Here’s a short quote from there, and then the unbelievable video.

In these newly preserved tests, made in 1922 at the Paragon Studios in Fort Lee, New Jersey, actress Mae Murray appears almost translucent, her flesh a pale white that is reminiscent of perfectly sculpted marble, enhanced with touches of color to her lips, eyes, and hair. She is joined by actress Hope Hampton modeling costumes from The Light in the Dark (1922), which contained the first commercial use of Two-Color Kodachrome in a feature film. Ziegfeld Follies actress Mary Eaton and an unidentified woman and child also appear.

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R.I.P. Harvey Pekar

This truly is sad news. Harvey Pekar, one of the most prolific writers of underground comics and most famously “American Splendor” has passed away at age 70. His life was put to film in one of the best biopics ever made starring Paul Giamatti in his greatest role to date. The film is a testament to the creative soul and that even when dreams come true one must face their own reality. It’s one of the best films of the past ten years. Harvey, we’ll miss ya!

Here’s a strip (click to enlarge) written by Harvey after the passing of Marlon Brando on a film the great actor starred in called “The Men,” directed by one of my favorite directors – Fred Zinnemann.

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DVD Review: Youth in Revolt

There’s often nothing better than a strong dark comedy. Films like “Harold and Maude,” “Heathers” and “Ghost World” offer a visually striking and intellectually narrative perception of the mind of their screenwriters and directors. A great dark comedy is rare, and it’s disappointing to see someone attempt the genre and flounder in their work. New to DVD, the Michael Cera vehicle “Youth in Revolt” is a fine example of black comedic miscarriage.

Cera stars as Nick Twisp, a lower class romanticist virgin who has been looking for “the one” his whole life. Enter Sheeni (Portia Doubleday), a 16-year-old who’s into Godard and Gainsbourg and happens to be the love of Nick’s life. However, the only way he can really get her is to create a mustachioed “bad boy” alter ego named Francois Dillinger who has a penchant for blowing up cars and telling off Nick’s mother’s awful boyfriends.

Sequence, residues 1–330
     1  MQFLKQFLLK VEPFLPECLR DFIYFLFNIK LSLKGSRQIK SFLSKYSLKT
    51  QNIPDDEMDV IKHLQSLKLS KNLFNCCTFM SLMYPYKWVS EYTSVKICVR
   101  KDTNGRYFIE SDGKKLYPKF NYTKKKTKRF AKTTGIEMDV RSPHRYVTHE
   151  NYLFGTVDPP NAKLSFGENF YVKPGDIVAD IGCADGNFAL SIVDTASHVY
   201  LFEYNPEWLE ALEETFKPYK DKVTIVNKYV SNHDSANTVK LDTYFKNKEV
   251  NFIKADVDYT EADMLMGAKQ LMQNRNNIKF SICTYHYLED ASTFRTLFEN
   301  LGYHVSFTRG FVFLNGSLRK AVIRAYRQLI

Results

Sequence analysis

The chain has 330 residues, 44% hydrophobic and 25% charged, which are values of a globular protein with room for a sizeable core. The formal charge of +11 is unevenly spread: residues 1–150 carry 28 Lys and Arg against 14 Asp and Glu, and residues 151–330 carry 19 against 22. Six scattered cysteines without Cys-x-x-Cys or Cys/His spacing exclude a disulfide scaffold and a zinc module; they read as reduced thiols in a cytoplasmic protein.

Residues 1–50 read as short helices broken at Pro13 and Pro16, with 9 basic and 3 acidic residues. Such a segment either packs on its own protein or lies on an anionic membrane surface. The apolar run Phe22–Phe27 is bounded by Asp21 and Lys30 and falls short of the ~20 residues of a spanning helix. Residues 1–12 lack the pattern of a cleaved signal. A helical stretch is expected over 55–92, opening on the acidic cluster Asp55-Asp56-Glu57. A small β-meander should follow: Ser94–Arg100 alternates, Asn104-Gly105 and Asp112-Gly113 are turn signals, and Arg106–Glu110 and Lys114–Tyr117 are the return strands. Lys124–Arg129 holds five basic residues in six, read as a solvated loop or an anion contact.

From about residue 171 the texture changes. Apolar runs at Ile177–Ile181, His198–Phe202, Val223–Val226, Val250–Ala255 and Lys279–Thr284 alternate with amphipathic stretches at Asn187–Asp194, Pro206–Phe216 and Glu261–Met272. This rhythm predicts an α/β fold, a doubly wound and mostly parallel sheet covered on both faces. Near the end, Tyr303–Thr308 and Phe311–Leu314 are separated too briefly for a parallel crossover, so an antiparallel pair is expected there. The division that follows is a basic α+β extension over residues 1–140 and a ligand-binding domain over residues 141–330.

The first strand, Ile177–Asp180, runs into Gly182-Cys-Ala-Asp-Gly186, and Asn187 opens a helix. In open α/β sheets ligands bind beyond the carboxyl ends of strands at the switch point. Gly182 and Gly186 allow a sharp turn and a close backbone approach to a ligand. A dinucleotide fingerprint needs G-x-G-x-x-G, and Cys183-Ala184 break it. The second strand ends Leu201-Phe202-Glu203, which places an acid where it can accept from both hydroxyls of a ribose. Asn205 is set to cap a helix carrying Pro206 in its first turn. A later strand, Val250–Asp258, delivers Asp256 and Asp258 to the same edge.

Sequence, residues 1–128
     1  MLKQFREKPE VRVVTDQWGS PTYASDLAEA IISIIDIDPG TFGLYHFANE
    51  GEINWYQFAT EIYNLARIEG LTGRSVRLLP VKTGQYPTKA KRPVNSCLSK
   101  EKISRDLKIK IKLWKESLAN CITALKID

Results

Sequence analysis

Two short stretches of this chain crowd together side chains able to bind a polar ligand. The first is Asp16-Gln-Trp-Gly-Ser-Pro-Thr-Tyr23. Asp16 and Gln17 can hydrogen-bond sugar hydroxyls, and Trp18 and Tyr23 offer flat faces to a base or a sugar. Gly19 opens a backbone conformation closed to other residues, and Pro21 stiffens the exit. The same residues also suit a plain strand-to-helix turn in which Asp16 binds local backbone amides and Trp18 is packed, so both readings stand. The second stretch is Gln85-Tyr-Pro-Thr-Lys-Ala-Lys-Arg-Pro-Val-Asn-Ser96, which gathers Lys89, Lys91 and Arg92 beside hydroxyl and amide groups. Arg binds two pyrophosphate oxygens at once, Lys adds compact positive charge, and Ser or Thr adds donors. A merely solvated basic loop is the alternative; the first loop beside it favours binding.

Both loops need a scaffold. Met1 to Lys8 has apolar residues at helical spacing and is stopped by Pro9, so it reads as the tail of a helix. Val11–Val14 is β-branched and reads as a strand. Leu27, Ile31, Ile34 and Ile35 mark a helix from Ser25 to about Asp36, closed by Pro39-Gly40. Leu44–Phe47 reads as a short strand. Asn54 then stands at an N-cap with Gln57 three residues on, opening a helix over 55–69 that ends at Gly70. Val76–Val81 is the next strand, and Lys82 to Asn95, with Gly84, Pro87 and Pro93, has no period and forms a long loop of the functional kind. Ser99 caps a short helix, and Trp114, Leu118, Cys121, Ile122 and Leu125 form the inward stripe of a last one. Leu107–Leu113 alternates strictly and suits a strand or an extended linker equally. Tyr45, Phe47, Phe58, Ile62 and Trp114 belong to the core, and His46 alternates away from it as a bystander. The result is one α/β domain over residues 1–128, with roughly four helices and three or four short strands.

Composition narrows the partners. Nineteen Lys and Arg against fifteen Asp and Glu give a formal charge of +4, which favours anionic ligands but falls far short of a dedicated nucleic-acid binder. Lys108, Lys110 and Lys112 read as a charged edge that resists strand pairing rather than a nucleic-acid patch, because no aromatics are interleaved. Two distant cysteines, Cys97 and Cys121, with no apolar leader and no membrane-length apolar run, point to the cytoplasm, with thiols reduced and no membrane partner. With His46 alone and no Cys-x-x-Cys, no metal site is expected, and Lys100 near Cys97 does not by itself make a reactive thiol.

There’s a good film underneath this mess of a movie, but it just missed its own point. It’s awkwardly pretentious and tries too hard to be subtle and instead just comes off as bored. Gustin Nash’s screenplay from C.D. Payne’s novel is too packed with dialogue and uninteresting narration. Nash attempts to trivialize his characters’ too-cool-for-school pretensions by having Nick say he loves Mizoguchi’s “Tokyo Story” to which Sheeni corrects him (“I think that was Ozu”), but it doesn’t exactly trivialize as it does show that the screenwriter himself may be trying to show off. It’s all superfluous writing – dialogue for dialogue’s sake. Whereas someone like Tarantino can get away with this because his long dissertations actually have a point, Nash never really finds his footing.

Michael Cera has proved in the past that he’s got some serious comedic talent but he doesn’t read his character’s story well, and when he channels Francois he plays it surprisingly flat. His portrayal of Francois is certainly something of a straying from his usual coy archetype but he really needed to prove he can do something else besides the “nice guy.” His foray into the comic book film world is coming up with his starring role in “Scott Pilgrim.” The character, again, looks too familiar – but in the hands of “Shaun of the Dead” director Edgar Wright – Cera may be forgiven. He really does need to kill this character.

Cameos by Steve Buscemi, Zach Galifianakis, Jean Smart and M. Emmet Walsh are wasted on this half-baked snooze-fest. The great Fred Willard even shows up a few times, but doesn’t help in the least. The character of Sheeni is so overtly pretentious that it sometimes hurts. Doubleday plays her completely flat, and in this genre she should either be palpably honest or entirely ironic. She doesn’t even look like the kind of girl who’s ever seen “Breathless.”

A painfully bad dark comedy. Plays out in a dull, banal way. No emotion, and only a few moments of intrigue due to some unusual cinematography and some actually interesting looking animated sequences. It’s hard to care about any of the characters, most especially Nick. “Youth in Revolt” could have been a terrific jumping off point for Cera into a whole new territory of characters, but instead starts to show he may be a one trick pony.

Grade: D